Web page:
• In one example, a UE may perform random access to multiple APs with multiple beams simultaneously. All APs within a cooperation cluster may have common PRACH resources. This allows one preamble to be targeted to multiple APs.
  • The network configures one PRACH time-frequency radio resource per UL Rx beam group. The UE in turn implicitly indicates potential UL Rx beams or Rx beam directions by selecting a proper PRACH resource, based on DL Tx (Transmit)/Rx beam measurements.
  • The UE then autonomously selects a PRACH preamble format for each transmitted preamble according to its antenna architecture, its beamforming capability, and its power headroom. The network blindly detects preambles by testing a few allowed preamble formats.
  • The UE may also determine preamble transmission power such that all the targeted receiving APs may receive preambles with sufficient received power. This is done without the UE violating an uplink power limitation configured at each AP. The targeted APs are selected by the UE using DL beam measurements
  • For multi-link uplink synchronization and connection establishment, a RAR (Random Access Response) message may carry multiple timing advance (TA) values. Each TA value may be signaled together with a corresponding UL Rx beam ID, from which the UE may derive a corresponding DL Tx (Downlink Transmit) beam ID and identify a corresponding DL Rx (Downlink Receive) timing.
  • For cooperative APs connected with non-ideal backhaul links, a UE may receive multiple RAR messages, and respond to each RAR message with a separate Msg3 PUSCH (Physical Uplink Shared Channel) transmission. Each Msg3 may include beam IDs (or associated cell IDs) in all the received RAR messages to inform each AP of the set of serving beams (or cells) for the UE. An idle UE may determine a master AP (or cell) and secondary APs (or cells), by comparing DL beam measurement results for the APs whose RAR messages are successfully received.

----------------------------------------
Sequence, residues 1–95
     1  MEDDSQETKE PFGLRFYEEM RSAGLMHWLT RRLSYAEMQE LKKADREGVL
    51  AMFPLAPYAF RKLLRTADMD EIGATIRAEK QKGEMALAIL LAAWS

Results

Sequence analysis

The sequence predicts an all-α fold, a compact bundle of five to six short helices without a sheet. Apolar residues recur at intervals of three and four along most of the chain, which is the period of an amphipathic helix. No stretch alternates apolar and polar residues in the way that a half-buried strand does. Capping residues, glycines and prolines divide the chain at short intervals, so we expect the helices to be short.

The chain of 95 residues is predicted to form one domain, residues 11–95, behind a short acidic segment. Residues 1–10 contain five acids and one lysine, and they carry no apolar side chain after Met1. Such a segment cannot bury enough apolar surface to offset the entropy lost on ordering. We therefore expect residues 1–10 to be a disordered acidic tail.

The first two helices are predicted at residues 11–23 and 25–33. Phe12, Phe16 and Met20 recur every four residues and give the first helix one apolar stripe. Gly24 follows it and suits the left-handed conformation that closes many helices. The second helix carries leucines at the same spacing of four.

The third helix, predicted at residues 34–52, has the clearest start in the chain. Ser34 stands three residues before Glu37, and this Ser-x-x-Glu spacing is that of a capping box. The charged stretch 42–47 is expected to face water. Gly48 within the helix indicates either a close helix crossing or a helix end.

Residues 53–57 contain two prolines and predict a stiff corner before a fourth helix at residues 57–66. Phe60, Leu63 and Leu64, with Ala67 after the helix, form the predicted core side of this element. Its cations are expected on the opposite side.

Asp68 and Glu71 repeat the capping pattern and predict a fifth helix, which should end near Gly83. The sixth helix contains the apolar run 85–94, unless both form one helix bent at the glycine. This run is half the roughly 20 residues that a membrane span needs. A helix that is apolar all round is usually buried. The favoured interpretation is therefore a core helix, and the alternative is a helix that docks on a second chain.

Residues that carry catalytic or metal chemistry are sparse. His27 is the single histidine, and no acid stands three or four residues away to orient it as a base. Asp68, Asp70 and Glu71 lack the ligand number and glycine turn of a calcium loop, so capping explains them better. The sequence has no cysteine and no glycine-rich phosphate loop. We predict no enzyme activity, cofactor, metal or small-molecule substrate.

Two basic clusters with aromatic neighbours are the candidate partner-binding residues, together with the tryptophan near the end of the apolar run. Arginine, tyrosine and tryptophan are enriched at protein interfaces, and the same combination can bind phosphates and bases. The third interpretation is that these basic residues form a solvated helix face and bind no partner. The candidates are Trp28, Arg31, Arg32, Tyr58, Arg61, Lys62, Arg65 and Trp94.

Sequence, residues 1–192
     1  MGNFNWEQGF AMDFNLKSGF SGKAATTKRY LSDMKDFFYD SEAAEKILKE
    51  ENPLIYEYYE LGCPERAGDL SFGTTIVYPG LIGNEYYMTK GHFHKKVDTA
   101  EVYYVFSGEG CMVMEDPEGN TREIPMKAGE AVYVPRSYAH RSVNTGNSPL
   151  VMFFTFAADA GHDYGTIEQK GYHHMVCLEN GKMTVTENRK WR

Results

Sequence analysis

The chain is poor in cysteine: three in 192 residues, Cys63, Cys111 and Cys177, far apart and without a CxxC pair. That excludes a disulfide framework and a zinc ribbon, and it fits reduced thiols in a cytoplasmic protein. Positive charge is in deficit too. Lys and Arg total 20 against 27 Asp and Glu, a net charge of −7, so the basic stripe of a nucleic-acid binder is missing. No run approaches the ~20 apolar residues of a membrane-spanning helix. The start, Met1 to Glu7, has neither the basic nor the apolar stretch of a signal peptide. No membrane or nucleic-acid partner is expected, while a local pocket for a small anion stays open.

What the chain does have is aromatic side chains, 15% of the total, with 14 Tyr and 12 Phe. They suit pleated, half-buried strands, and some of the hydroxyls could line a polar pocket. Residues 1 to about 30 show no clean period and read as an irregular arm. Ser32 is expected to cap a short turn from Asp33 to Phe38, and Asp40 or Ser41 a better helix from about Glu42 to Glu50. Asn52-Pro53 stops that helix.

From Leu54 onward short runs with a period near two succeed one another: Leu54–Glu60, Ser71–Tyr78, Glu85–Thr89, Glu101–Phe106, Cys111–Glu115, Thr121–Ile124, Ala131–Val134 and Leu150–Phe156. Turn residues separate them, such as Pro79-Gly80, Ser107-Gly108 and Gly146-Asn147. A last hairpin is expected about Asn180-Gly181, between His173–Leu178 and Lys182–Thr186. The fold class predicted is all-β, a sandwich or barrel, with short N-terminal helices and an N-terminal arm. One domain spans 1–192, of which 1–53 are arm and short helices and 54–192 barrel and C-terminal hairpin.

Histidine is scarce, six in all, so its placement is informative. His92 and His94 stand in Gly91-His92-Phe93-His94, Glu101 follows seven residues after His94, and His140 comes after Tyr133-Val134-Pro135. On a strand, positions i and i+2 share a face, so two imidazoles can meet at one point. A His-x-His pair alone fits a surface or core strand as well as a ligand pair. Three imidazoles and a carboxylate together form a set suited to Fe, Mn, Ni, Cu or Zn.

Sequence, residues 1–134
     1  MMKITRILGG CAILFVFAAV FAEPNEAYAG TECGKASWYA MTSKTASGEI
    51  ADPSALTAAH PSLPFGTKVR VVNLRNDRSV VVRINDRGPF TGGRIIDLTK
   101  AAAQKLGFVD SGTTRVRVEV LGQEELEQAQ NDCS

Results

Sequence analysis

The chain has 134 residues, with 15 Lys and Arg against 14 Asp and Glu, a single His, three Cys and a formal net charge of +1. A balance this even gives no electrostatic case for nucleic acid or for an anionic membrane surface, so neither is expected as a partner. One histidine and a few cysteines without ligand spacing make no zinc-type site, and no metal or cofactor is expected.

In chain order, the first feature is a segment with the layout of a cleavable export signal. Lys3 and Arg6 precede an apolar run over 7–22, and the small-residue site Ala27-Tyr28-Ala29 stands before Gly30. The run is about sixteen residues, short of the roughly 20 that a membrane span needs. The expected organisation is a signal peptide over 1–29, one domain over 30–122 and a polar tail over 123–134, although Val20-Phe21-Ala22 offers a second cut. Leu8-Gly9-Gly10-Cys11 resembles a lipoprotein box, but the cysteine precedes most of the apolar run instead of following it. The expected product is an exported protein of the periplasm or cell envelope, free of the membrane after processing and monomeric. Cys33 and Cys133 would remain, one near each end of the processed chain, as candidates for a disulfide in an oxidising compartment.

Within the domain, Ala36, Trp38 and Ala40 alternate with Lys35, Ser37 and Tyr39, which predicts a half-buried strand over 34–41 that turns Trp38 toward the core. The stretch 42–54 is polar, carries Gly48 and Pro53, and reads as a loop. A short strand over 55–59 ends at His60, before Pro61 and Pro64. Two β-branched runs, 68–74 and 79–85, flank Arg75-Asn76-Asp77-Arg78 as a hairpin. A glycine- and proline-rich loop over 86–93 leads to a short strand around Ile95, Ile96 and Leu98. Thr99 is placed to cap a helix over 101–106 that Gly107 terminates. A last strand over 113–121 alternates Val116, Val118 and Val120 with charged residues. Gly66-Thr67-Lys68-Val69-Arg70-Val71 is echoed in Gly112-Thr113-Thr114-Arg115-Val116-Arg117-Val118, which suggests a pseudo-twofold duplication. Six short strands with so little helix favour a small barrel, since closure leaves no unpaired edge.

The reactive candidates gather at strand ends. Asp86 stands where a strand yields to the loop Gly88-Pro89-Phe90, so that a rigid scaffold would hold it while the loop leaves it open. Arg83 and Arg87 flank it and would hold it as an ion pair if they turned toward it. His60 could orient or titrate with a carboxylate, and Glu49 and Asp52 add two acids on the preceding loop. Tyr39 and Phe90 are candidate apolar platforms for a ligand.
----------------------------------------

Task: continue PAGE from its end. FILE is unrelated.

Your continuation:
• In LTE, a PRACH is normally directed to a specific network node. In addition, a random access preamble format is selected specifically for each cell. The format depends on a target cell's coverage, and is broadcasted in a system information block (SIB) or indicated via dedicated RRC (Radio Resource Control) signaling during handover or secondary cell addition.
  • In some embodiments, excessive preamble sequence repetitions are avoided for UL Rx beam training. This results in more resource-efficient (in terms of radio resources and UE power consumption) acquisition of UL Rx beams. When a UE-specific preamble format is selected by taking into account UE beamforming capability, the UE power consumption is further reduced. Yet the target coverage area is still reached.
  • The RAR message, carrying multiple TA values and their DL timing references, may expedite multi-link uplink synchronization and enhance timing and frequency tracking performances in the distributed single cell scenario. A new element in the Msg3 of the random access procedure as described herein allows simultaneous multi-connection establishment in a densely deployed low power node network. This works when the network nodes are connected with non-ideal backhaul links.